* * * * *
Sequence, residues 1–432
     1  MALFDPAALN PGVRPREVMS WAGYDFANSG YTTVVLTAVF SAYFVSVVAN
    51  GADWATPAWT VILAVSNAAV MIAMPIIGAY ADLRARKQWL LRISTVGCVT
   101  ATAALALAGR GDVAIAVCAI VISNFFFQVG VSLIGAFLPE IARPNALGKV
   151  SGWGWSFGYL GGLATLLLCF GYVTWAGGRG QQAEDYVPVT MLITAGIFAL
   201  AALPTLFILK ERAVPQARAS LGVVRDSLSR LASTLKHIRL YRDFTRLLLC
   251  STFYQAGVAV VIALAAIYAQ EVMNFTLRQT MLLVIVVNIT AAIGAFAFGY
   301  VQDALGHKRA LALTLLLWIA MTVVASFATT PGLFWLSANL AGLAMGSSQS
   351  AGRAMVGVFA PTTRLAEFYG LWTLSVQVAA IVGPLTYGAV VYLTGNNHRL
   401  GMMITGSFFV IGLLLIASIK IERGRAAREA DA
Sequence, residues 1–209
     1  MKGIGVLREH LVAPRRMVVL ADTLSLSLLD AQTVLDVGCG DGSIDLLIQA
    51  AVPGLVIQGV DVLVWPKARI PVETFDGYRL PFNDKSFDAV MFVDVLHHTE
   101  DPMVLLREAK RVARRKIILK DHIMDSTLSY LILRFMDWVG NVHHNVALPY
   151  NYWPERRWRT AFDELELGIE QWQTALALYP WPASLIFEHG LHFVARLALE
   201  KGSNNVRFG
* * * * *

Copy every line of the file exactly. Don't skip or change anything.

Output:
Sequence, residues 1–432
     1  MALFDPAALN PGVRPREVMS WAGYDFANSG YTTVVLTAVF SAYFVSVVAN
    51  GADWATPAWT VILAVSNAAV MIAMPIIGAY ADLRARKQWL LRISTVGCVT
   101  ATAALALAGR GDVAIAVCAI VISNFFFQVG VSLIGAFLPE IARPNALGKV
   151  SGWGWSFGYL GGLATLLLCF GYVTWAGGRG QQAEDYVPVT MLITAGIFAL
   201  AALPTLFILK ERAVPQARAS LGVVRDSLSR LASTLKHIRL YRDFTRLLLC
   251  STFYQAGVAV VIALAAIYAQ EVMNFTLRQT MLLVIVVNIT AAIGAFAFGY
   301  VQDALGHKRA LALTLLLWIA MTVVASFATT PGLFWLSANL AGLAMGSSQS
   351  AGRAMVGVFA PTTRLAEFYG LWTLSVQVAA IVGPLTYGAV VYLTGNNHRL
   401  GMMITGSFFV IGLLLIASIK IERGRAAREA DA
Sequence, residues 1–209
     1  MKGIGVLREH LVAPRRMVVL ADTLSLSLLD AQTVLDVGCG DGSIDLLIQA
    51  AVPGLVIQGV DVLVWPKARI PVETFDGYRL PFNDKSFDAV MFVDVLHHTE
   101  DPMVLLREAK RVARRKIILK DHIMDSTLSY LILRFMDWVG NVHHNVALPY
   151  NYWPERRWRT AFDELELGIE QWQTALALYP WPASLIFEHG LHFVARLALE
   201  KGSNNVRFG